Keratan Akhbar


Gutzy Asia
Esteemed political scientist Professor Emeritus Dato’ K.J.Ratnam passes away
By Yee Loon | 12 March 2024

Malaysia’s academic community mourns the loss of Professor Emeritus Dato’ K.J. Ratnam, Foundation Dean at USM’s School of Comparative Social Sciences and ex-Dean at the University of Singapore’s Faculty of Social Sciences.

 KUALA LUMPUR: Malaysia’s academic community is mourning the demise of Professor Emeritus Dato’ K.J. Ratnam, who passed away on Sunday (10 March).

Prof Ratnam, a distinguished political scientist and analyst specializing in Malaysian politics and ethnic relations, leaves behind a legacy of numerous publications encompassing topics such as race relations, social science development, political sociology, education, R&D planning, and science and technology policy.

According to a poignant email shared within civil society circles, Prof Ratnam’s son, Kayan Ratnam, revealed that his father passed away on the night of 10 March in Kuala Lumpur.

“His pulse had been quite weak for the last few days,” Mr Kayan shared, “We had a doctor’s appointment scheduled for Monday but it wasn’t to be. ”

He recounted that his father was seated at the dining table, engrossed in reading on his computer when he suddenly slumped over.

“Our nurse found him like that and was unable to revive him, I arrived soon after with the ambulance but nothing could be done.”

Mr Kayan mentioned that his father passed away “doing something that gave him joy throughout life.”

Reportedly, Prof Ratnam had explicitly requested no religious rites and preferred a swift cremation.

Gutzy Asia had written to Prof Ratnam’s son to seek further details about the passing of his father.

Colleagues in Malaysia’s academic community lauded Prof Ratnam as a great and highly principled scholar.

Mohamad Abdullah, Deputy Registrar at the Universiti Sains Malaysia (USM), shared the news on Facebook with a heavy heart, stating that the university “has lost another prominent figure, a great and respected thinker in political science, who made significant contributions to the intellectual world.”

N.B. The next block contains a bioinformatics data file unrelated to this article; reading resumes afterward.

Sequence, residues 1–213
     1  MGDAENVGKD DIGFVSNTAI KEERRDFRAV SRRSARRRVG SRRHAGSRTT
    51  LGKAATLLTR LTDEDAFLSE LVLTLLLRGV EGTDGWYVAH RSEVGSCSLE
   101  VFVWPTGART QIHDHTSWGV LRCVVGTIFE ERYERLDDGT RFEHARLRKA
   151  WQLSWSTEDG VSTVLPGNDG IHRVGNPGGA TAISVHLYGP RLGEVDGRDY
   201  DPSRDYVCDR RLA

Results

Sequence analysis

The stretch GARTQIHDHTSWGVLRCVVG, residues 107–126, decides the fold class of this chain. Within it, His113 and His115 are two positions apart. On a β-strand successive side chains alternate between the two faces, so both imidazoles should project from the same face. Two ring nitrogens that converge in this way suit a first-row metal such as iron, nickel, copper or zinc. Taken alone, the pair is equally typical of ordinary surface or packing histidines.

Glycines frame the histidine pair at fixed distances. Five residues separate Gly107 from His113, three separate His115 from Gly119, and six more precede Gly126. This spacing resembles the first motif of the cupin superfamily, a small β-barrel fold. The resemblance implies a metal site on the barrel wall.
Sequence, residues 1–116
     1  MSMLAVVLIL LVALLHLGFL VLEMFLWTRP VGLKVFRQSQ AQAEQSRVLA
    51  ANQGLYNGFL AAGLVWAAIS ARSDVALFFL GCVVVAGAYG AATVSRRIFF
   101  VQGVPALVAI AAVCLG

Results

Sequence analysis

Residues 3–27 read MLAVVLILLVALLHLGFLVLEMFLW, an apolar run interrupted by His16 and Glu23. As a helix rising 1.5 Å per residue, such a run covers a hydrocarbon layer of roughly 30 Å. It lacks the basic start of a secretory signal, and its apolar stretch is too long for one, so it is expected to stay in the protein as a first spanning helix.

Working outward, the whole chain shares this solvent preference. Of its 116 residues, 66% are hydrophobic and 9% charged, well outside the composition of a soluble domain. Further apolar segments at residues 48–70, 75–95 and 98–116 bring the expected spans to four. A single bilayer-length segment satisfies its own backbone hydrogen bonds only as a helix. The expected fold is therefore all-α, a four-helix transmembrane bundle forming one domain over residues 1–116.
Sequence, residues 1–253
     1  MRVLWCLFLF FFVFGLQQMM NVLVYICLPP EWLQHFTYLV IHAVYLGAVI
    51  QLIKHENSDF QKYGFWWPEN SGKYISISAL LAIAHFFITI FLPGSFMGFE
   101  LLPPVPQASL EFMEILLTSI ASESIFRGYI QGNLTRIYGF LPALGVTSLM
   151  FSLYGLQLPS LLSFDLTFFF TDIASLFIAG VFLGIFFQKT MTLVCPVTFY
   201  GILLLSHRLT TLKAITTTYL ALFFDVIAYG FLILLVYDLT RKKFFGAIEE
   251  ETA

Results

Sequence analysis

Prof Ratnam’s prolific research across varied disciplines

Professor Emeritus Dato’ K.J. Ratnam is a political scientist who received his higher education at the University of Malaya (B.A. 1956), the University of British Columbia (M.A. 1958) and the London School of Economics (Ph.D. 1960).

Before his tenure as the Foundation Dean of the School of Comparative Social Sciences at Universiti Sains Malaysia (formerly the University of Penang) in 1970, he served as a Professor of Political Science and Dean of the Faculty of Social Sciences at the University of Singapore (NUS).

Throughout his academic career, Prof. Ratnam held various significant roles, including Director of the Centre for Policy Research, Dean of Graduate Studies, and Deputy Vice-Chancellor for Research and Development.

In recognition of his contributions, he was honoured with the title of Professor Emeritus in 1993.

An active researcher, Professor Emeritus Dato’ K.J. Ratnam extensively published works covering diverse subjects such as Malaysian politics, race relations, social science development, political sociology, education, R&D planning, and science and technology policy.

In January 2003, he assumed the prestigious Tuanku Chancellor Chair of Science and Technology Policy and Development at the University.

The Centre for Policy Research of USM expressed their condolences on Monday, sharing a message on its official Facebook page.

Departure from NUS

In a 1971 New York Times article, it was reported that Prof. K. J. Ratnam relinquished his departmental chairmanship and accepted a position in Penang.

“Before his departure, he is said to have told friends that he was unhappy with what he considered to be unwarranted Government interference in university affairs,” the report wrote.

During that period, the report highlighted criticisms from various government leaders, including then-Prime Minister Lee Kuan Yew, who expressed concerns about “birds of passage.” These individuals were accused of imparting disruptive values to Singapore’s university students.

In a private conversation with faculty members, the late Lee Kuan Yew reportedly exempted the American professor of philosophy from his criticism of foreign staff members, emphasizing that he would not tolerate criticism of his government’s policies from teachers he considered “birds of passage.”

At the time, a spokesperson from the National University of Singapore (NUS) denied any significant exodus of foreign professors.

The spokesperson pointed out that despite nine faculty resignations in 1970, the university had hired 24 new foreign teachers. Additionally, the university’s faculty had increased from 280 members in 1968 to 316 in 1971.

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